Latest in the series of Sister Jane hunting stories in
Virginia, comes a cold case mixed with a ghost story.
Decades ago, a handsome huntsman vanished, having first
romanced every lady in sight, including the married ones.
CRAZY LIKE A FOX explores the story of his disappearance
and the conviction of most locals that he must have been
The missing man was called Wesley Carruthers, but mostly he
is referred to as Weevil, which sounds unkind given the
tragedy for his family. He has been presumed dead since
1954, so his ghostly form appearing on a cellphone video is
scary and lends impetus to a new search. A hunting horn has
also gone missing from a museum display case, but the
police don't feel concerned. Sister Jane, the sprightly
senior lady who is joint master of hounds, still enjoys a
day's outing with the business people and local farmers of
the Jefferson Hunt, in which the fox usually runs to
ground. She has known everyone from the early years and has
a great store of memories. Maybe the clue is in her head
already, or maybe she'll have to do some investigating.
The animals talk amongst themselves, a popular feature of
cozy mysteries by Rita Mae Brown. Hounds, house dogs,
horses, and foxes chatter freely while even rodents and owls
get to contribute, though they are less occupied by the
affairs of humans. This book is set near the Blue Ridge
Mountains during early autumn, the cub-hunting time, when
some late harvests have not been gathered. I like that the
diverse population always features. One vigorous hunt
occurs on land owned by Kasmir Barbhaiya from India, while
a young African-American lady, Anne Harris (known as Tootie
-- I take it silly nicknames are a Virginia habit, but it
would be easier to tell the people apart from the animals
without them) lives in a remodeled cottage on Sister
Jane's land. Tootie's mother arrives to stay unexpectedly,
announcing that she's getting divorced from her media mogul
husband. Seems wealth doesn't always bring happiness.
This gently moving adventure weaves today with yesterday,
ghost stories with drug searches. I found myself more and
more enthralled as the handsome huntsman made further
strange appearances. Love of the land resonates through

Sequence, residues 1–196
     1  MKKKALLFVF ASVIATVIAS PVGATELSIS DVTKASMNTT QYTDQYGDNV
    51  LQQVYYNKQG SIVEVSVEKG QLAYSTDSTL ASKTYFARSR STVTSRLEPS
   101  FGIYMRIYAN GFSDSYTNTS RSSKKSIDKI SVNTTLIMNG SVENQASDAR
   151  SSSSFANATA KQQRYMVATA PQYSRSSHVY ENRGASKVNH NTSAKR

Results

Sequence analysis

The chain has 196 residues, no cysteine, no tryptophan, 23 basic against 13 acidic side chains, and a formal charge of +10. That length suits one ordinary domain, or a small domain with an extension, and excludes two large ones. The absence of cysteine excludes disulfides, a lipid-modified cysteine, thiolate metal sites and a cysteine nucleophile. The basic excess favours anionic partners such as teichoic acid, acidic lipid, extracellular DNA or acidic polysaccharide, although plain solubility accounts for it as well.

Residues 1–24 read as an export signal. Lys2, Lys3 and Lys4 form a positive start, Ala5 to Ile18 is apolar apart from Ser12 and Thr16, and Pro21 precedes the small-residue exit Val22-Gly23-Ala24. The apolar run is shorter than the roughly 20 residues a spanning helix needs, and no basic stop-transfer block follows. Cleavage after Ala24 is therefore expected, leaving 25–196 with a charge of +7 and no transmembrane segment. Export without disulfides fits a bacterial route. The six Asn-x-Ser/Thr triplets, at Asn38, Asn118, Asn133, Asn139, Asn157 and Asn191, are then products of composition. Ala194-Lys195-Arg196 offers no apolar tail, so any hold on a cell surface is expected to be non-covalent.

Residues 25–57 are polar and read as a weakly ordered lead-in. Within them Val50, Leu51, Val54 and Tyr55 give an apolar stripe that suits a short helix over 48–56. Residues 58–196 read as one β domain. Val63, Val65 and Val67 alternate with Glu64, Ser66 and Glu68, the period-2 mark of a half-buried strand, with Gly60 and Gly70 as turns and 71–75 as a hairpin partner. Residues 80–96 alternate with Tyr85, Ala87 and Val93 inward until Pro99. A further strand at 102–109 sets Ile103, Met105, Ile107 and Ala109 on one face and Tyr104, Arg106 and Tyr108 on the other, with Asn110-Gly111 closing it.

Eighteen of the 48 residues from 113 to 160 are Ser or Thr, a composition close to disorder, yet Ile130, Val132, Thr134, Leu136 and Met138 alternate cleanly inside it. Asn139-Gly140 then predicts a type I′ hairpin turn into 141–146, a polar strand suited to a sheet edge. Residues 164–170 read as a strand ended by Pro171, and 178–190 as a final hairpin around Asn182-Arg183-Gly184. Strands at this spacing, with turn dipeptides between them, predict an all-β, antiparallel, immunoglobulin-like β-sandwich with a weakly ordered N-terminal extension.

this series and the Mrs Murphy series, too. Anyone who
enjoys Rita Mae Brown will get a great read from CRAZY LIKE
A FOX and hunt for more of her mysteries. She's on great
form this time.
In this thrilling new foxhunting mystery from New York
Times bestselling author Rita Mae Brown, an
investigation into a missing and valuable object flushes out
murder, ghosts, and old family rivalries. Now â€śSisterâ€ť Jane
Arnold and a pack of four-legged friends must catch the
scent of a killer and unearth a long-buried truth.
As the calendar turns, the crisp October winds bode well for
this yearâ€™s hunting season. But before the bugle sounds,
Sister Jane takes a scenic drive up the Blue Ridge Mountains
for a board meeting at the Museum of Hounds and Hunting.
Brimming with colorful stories and mementos from hunts of
yore, the mansion is plunged into mystery when a venerable
hunting horn is stolen right out of its case. The only clue,
on a left-behind cell phone, is what seems to be a â€śselfieâ€ť
video of the hornâ€™s original owner, Wesley
Carruthersâ€”deceased since 1954.
Odder still, Wesleyâ€™s body was never found. When Sister
makes a discovery that may explain his unsolved
disappearance, it leads her back to the Jefferson Hunt at
midcentury, with her faithful hounds at her side. But as the
clues quickly mount, Sister is no longer sure if sheâ€™s
pursuing a priceless artifact, a thief, Wesleyâ€™s killer . .
. or a ghost. The only certainty is that someone wants to
put Sister off the chaseâ€”perhaps permanently.
Teeming with familiar and beloved characters, intrigue, and
the rich local history of Virginiaâ€™s horse country, Crazy
Like a Fox races toward its stunning conclusion in full cry
and packed with plenty of surprises. Once again, Rita Mae
Brown dazzles and delights in her irresistible style, with a
novel readers are certain to be crazy about.